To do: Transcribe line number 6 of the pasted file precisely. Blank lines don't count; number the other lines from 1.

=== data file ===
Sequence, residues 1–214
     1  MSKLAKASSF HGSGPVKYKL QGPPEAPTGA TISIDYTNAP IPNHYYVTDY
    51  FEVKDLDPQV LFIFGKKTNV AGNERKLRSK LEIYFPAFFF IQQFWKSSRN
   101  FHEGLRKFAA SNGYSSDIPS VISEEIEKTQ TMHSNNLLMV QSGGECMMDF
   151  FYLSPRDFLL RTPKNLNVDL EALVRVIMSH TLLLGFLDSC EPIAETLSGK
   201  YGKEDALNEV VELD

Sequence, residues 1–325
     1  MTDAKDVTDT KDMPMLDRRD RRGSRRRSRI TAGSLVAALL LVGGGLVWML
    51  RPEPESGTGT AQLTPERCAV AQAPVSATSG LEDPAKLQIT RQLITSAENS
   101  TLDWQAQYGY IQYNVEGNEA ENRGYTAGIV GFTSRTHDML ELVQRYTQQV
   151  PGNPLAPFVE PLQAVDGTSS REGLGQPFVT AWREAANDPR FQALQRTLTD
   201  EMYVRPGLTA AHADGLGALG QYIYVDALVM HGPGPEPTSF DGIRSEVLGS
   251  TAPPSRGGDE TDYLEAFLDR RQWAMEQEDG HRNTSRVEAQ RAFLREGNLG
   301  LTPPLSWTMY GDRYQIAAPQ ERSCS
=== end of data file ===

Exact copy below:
   201  YGKEDALNEV VELD